4. Walkabout (1971)
Nicolas Roeg is one of the important British filmmakers who often made films about outsiders inhabiting an atmosphere that’s totally alien to them. That scenario was literal in David Bowie starrer The Man Who Fell to Earth (1976). The singer plays a humanoid alien visiting from a distant planet in the movie. Walkabout also contains a similar, simple plot where two English children get lost in the harsh conditions of Australian outback.
In their wanderings, the teenage girl and her little brother meet an Aboriginal boy who teaches them the ways to survive in the wild. Although the plot is minimal, the film is hauntingly beautiful as Roeg explores human’s relationship with nature. Walkabout marks the acting debut of Aborigine actor David Gulpill, who later became a cultural icon for his people.
3. Mad Max Film Series
George Miller had the unique vision of re-imagining the vast Australian desert landscape as post-apocalyptic wasteland. The result was the original Mad Max Trilogy with Mel Gibson in the titular role. The trilogy became one of the most influential action films, leading to many copycat dystopian movies. The first installment of the series was only made on a $400,000-budget, and went on to make $100 million.
Though talks of a fourth film in the franchise were going around for years, it was only in the early 2010s that Mad Max: Fury Road went into production. Bolstered by an innovative mix of practical effects, visual effects, and supreme make-up, the film became one of the greatest action movies ever. Apart from being a fantastic action film, Fury Road also touched upon themes of female empowerment and environmentalism with great nuance. The Mad Max trilogy is streaming on Netflix.
2. Breaker Morant (1980)
Bruce Beresford’s hard-hitting anti-war drama was based on a true story of the 1902 trial of three Australian lieutenants. The film’s dramatization and staging would naturally remind us of Stanley Kubrick’s Paths of Glory (1957). The three lieutenants are brought on trial for the murder of three Boer prisoners of war. But we soon learn that the trial is to cover-up hypocritical military blunders, and uphold the facade of diplomacy.
Breaker Morant largely unfolds as a courtroom drama. Though the outcome of the trial seems predetermined, the expertly staged courtroom scenes brilliantly expose the arrogance of military leadership. The film’s harrowing final moments are deeply impactful. Breaker Morant received an Academy Award nomination for its screenplay.
1. Wake in Fright (1971)
Ted Kotcheff’s Wake in Fright is hands-down the most terrifying film about Australia. Scorsese after watching it at the Cannes premiere called it, “deeply — and I mean deeply — unsettling and disturbing movie”. It was made a year before Boorman’s Deliverance, which revolved around city-bred men running into trouble with an isolated rural community. Wake in Fright doesn’t have a clear-cut structure like Deliverance. But it’s a more spine-chilling descent into the world of primal terror.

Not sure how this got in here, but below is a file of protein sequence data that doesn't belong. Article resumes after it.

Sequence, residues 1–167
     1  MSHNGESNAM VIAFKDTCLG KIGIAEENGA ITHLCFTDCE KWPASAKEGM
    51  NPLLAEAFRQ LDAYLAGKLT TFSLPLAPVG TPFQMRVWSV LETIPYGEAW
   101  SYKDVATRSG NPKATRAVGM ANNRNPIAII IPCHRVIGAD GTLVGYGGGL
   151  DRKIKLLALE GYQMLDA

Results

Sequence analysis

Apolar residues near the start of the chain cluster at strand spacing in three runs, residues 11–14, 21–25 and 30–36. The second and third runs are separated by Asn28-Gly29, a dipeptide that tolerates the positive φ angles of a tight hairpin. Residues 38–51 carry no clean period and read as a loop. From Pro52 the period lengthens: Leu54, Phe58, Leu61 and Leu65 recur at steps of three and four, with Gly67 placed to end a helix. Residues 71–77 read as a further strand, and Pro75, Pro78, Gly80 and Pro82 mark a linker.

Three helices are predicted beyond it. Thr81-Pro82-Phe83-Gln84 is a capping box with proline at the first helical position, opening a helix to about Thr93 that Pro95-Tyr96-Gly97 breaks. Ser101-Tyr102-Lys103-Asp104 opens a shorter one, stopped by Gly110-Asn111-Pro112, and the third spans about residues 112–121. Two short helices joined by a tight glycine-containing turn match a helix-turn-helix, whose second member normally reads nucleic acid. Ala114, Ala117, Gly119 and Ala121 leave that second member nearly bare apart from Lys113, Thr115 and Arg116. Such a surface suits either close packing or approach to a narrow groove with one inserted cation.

The narrative revolves around an elementary school teacher named John Grant. He hates his rural schoolhouse job, and hopes to meet his girlfriend in Sydney during Christmas holidays. But all hell breaks loose after a night of drinking. Though it’s schlocky and exploitative – in fact a classic of the sub-genre known as ‘Ozploitation’ – Wake in Fright offers a serious examination of violent masculinity. Moreover, the intimidating geographical vastness and isolation plus the blistering heat of Australian outback become a character in itself.
There we are! These are some of the best Australian movies ever made. As I said earlier, such lists are always subjective and limiting. There might be many other hidden gems which I am yet to discover. Storm Boy (1976), Newsfront (1978), Crocodile Dundee (1986), Dogs in Space (1986), A Cry in the Dark (1988), Celia (1989), Strictly Ballroom (1992), The Adventures of Priscilla, Queen of the Desert (1994), Muriel’s Wedding (1994), Somersault (2004), Wolf Creek (2005), The Loved Ones (2009), Charlie’s Country (2013), and Hounds of Love (2016) deserve a special mention.
With recent hits like The Dry, Penguin Bloom (streaming on Netflix), and High Ground, the Aussie film industry is thriving as well as staying relevant. What are your favorite Australian films that didn’t find a place on this list? Let us know in the comments below.
An ardent cinephile, who truly believes in the transformative power and shared-dream experience of cinema. He blogs at ‘Passion for Movies.’